Tag Archives: conservation biology

DEADLINE 2/15-Seabird Research Intern on Maine Coastal Islands

DEADLINE Thursday FEBRUARY 15, 2018

This internship is jointly funded by the Center for Careers and Internships and Environmental Affairs. We have been funding this opportunity for many years.

Location:  Southern and mid-coast Maine at an island field camp

Compensation:  $350/week with food provided.  Shared housing provided when on the mainland; camping is required at Island field sites. 


Position Description:
Audubon’s Seabird Restoration Program operates seven island field stations along the Maine coast as critical seabird nesting sanctuaries. Research Interns will work under the direction of the Island Supervisor, participating in all aspects of seabird research, monitoring, and management that take place at the field station. The majority of research projects focus on studying the nesting success and foods fed to seabird  chicks,most work focuses on terns, but depending of field site, other species studied may include:  guillemots, puffins, and or razorbills. with most work focusing on terns. Work includes, but is not limited to: conducting population censuses, monitoring productivity and chick growth; conducting seabird diet studies; banding and re-sighting birds; removing invasive vegetation; educating island visitors; and assisting with predator management.

Research Interns will live on island (a single island or group of islands) for the duration of the field season. Interns assigned to inshore islands will have occasional trips to the mainland for logistics and resupplying the field camp, returning to the islands to work and sleep. On offshore islands, food, supplies, and mail are delivered approximately every 2 weeks. Research Interns on off shore islands will remain offshore for approximately eleven weeks. In a tern colony, the birds are loud, and in defense of their nests, terns will dive-bomb anyone moving through the colony. Living conditions on the islands are rustic. A cabin or wall tent serves as the base of field operations, and field team members sleep in their own tents (wooden tent platforms provided). Island field stations have limited electricity (solar panels power research needs), propane stoves, composting toilets, and no running water (rainwater is collected for washing; drinking water is brought from the mainland). Communications with the mainland are via cell or VOIP phone, depending on location, with VHF radios available as a back-up mode of communication. There is no internet access. Cooking, cleaning, and camp maintenance duties are shared by all island team members.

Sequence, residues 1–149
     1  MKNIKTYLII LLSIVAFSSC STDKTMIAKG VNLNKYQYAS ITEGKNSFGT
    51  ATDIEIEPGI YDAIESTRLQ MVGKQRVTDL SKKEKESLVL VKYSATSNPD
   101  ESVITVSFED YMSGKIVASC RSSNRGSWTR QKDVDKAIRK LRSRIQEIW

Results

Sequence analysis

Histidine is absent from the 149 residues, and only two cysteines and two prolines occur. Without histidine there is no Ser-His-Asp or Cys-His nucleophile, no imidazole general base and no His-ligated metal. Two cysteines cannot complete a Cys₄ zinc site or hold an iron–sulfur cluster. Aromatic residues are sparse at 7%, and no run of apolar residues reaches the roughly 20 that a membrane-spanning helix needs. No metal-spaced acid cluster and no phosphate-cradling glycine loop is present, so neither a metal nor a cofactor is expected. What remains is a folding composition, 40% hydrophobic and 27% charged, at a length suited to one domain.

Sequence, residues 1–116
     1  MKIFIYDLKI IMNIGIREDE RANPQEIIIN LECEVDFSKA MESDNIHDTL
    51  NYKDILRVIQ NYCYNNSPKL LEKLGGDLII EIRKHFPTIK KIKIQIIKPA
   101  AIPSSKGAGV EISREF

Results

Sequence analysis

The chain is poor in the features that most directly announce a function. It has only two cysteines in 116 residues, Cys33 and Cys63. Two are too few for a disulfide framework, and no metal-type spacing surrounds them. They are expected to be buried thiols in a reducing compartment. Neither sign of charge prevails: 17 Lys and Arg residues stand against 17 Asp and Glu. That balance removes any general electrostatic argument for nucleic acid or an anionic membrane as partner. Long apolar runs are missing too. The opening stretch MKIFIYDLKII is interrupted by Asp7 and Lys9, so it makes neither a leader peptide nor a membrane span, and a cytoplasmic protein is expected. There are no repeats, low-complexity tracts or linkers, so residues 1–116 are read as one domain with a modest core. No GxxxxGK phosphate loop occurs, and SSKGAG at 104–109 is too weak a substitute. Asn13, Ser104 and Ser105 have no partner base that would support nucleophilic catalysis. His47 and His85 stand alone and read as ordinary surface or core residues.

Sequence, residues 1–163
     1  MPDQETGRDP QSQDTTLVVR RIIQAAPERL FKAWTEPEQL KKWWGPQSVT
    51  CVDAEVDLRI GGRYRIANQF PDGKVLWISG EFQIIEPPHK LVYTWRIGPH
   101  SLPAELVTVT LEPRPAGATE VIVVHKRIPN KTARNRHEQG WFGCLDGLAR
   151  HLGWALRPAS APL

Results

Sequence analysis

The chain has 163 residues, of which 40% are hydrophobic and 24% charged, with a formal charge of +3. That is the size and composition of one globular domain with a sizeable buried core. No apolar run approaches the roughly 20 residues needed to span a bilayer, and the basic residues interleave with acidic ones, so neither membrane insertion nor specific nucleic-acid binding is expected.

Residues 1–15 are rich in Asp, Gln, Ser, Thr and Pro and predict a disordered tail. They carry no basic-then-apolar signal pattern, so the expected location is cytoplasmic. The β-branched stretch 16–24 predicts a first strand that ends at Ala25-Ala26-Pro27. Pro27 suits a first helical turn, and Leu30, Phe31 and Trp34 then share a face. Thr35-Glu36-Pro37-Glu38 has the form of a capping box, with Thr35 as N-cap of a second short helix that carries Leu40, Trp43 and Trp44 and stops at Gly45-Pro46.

To see more information about this internship, please go to Handshake here: https://middlebury.joinhandshake.com/jobs/1333828?ref=16-dashboard

In Their Own Words: Luke Elder ’13

“In Their Own Words” is an ongoing series featuring the experiences of Middlebury students at their summer internships. This summer Luke Elder ‘13 interned with The Nature Conservancy in Martha’s Vineyard, MA. 

What did you do?

Luke Elder ’13 and Max Hoffman ’14 interned for The Nature Conservancy this summer.

I worked as a conservation intern for The Nature Conservancy, specifically doing land stewardship and management. We did invasive species control, native plant nursery work, vegetation monitoring, and were involved with a few studies that the TNC Island Office have been conducting for a few years.

What did you learn?

I learned a great deal about what it means to have a field job. My previous environmental or conservation work experience has only been composed of office research jobs, but working for TNC in the field truly showed me what is takes day to day to be a field biologist. For anyone interested in biology, botany, ecology, land conservation and management, I would recommend this internship without hesitation. The experience has taught me a lot about botany and plant work, something that I had never really been exposed to before. I realized that I think I have more of a passion for wildlife work (which I got a little exposure to through this internship as well). But regardless, getting the experience to help me navigate through figuring out what I like and what I don’t like has been so helpful.

What are your plans for the future?

Working for The Nature Conservancy has been a formative experience that has solidified my passion for conservation work. I plan to continue finding work in the field of conservation biology, and after my experience working for TNC I could easily see myself finding a job working for TNC in the future. I had an incredibly positive experience with the organization and have nothing but good things to say about what they do.

Think this experience sounded pretty cool? Check out opportunities like this and more on MOJO.